Fire destroys Cheswick building that housed 4 businesses

Brian C. Rittmeyer
| Tuesday, Sept. 17, 2013, 6:25 p.m.

Two volunteer firefighters were hurt on Tuesday afternoon battling a large fire that destroyed an industrial building in Cheswick containing four businesses.

The presence of industrial-grade cleaning chemicals triggered a hazardous materials response to the fire at 110 Cheswick Ave., but no mass evacuation was ordered, said Alvin Henderson Jr., chief of the Allegheny County Department of Emergency Services.

Two nearby homes were evacuated as a safety measure because of fire equipment in the area, he said.

As a precaution, the Allegheny County Health Department would be testing the air in the area, Henderson said. Preliminary tests showed no cause for concern, he said.

Water authorities downstream on the Allegheny River were advised to monitor their intakes, also as a precaution.

The Allegheny County Fire Marshal was investigating and would be interviewing employees and first-arriving firefighters, Henderson said.

According to employees, the fire started in a dryer at Filter Service & Installation that was being used in cleaning rags that had been used to clean restaurant exhaust vents.

The fire was reported at the location, on the boundary between Cheswick and Harmar, shortly after 4:30 p.m.

It produced a thick column of black smoke that rose into the bright, blue afternoon sky. Flames at times were through the roof, which appeared to collapse.

Firefighters from nearly a dozen departments spent about three hours to get the blaze under control.

The building housed four businesses — Filter Service & Installation, Best Air Systems, Pro-Mech and 1st Fire Protection.

Ed Watson said he once owned all of the businesses; he now owns Filter Service and Best Air. He said he has owned the property for 13 years.

Watson said he had just gotten back to his home in Richland when he received a call about the fire and went back.

“I'm kind of lost,” he said after taking shelter behind a neighboring building as smoke and debris started to reach ground level. “I've never been through something like this. It always happens to other people.”

Watson said he occasionally noticed rainbows in the smoke as firefighters poured water onto the building. He said it looked like a complete loss.

“Nobody got hurt, that's the main thing,” he said.

The fire appears to have started in one of two dryers being used by Filter Services, according to employees.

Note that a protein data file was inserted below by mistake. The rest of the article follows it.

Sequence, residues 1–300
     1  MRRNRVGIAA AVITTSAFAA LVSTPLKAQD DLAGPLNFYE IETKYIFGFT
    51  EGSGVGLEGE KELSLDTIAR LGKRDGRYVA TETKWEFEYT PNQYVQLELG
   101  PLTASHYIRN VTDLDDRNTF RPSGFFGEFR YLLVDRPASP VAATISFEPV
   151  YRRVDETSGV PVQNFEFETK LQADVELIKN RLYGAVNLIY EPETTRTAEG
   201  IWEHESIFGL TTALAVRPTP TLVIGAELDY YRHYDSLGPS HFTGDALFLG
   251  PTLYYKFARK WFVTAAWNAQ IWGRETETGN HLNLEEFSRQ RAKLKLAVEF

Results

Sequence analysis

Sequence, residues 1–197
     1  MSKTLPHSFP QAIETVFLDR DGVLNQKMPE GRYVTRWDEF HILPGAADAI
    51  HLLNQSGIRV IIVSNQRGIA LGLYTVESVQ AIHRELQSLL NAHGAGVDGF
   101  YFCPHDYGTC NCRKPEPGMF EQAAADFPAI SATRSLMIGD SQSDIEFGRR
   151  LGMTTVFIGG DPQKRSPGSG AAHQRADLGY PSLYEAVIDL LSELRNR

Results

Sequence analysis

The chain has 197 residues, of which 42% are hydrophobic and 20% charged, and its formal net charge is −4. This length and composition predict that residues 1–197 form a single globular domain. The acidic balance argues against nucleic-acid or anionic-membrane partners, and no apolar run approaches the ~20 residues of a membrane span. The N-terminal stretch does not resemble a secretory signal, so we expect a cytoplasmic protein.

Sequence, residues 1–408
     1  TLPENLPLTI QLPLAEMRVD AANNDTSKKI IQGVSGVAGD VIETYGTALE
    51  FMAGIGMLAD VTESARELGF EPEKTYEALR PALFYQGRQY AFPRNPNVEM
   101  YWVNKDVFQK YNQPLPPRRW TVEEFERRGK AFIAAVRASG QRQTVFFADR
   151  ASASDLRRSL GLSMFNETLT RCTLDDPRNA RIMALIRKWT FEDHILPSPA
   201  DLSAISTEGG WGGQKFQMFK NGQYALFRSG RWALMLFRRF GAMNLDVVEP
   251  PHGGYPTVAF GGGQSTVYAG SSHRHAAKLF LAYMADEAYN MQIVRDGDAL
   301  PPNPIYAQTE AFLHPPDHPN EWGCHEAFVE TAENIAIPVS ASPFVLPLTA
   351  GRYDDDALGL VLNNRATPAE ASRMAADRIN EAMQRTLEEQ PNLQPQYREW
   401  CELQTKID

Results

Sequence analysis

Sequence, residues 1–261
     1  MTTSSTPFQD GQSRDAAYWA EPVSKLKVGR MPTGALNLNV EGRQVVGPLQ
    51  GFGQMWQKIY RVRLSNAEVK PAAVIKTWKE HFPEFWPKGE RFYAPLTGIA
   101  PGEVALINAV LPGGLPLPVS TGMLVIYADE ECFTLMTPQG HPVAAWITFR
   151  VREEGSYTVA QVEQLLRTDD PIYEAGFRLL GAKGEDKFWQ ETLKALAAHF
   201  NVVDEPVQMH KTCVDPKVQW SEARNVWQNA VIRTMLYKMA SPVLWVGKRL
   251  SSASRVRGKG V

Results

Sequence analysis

Paul King, a supervisor at Filter Service, said he was the last of about a dozen people to get out of the building.

King said rags used to clean hood exhaust systems in restaurants were in the dryer.

“We use them time and time again. They fall apart from use,” he said.

He said a fire started in one of the dryers and was believed to have been extinguished.

But when the dryer was turned back on, King said there was a pop followed by an explosion, and the fire quickly spread out of control.

“It was fast,” he said.

Filter Service employee Curt Hubert said he was in the warehouse with two other workers when they heard an explosion. He said they got fire extinguishers to try to fight the flames.

“By the time we got back there, the ceiling was engulfed,” he said. Hubert said he tripped getting out of the building and hurt his ankle, but otherwise was OK.

Cheswick firefighter Heather Sandusky, daughter of fire Chief Lindsay Sandusky, suffered a burned hand and was taken to UPMC Mercy hospital in Pittsburgh. She was treated and released.

An East Deer firefighter suffered from shortness of breath and was checked in an ambulance at the scene.

Although the building stood directly behind a gas station on Pittsburgh Street, the gas station was never a concern, according to Henderson.

Electrical power was cut to the area, shutting down the gas station and affecting residents in the immediate area.

Shortly before 10 p.m., there were still 28 West Penn Power customers without electricity, 18 in Cheswick and 10 in Harmar.

Cheswick Mayor Dan Carroll said the fire may have been the largest to hit the borough since a lumber yard fire in the same area about 40 years ago.

“I'm thrilled to death no one was seriously injured,” Carroll said at the scene. “That was a doozy of a fire. It really was.”

Watson said he would rebuild.

Brian C. Rittmeyer is a staff writer for Trib Total Media. He can be reached at 724-226-4701 or

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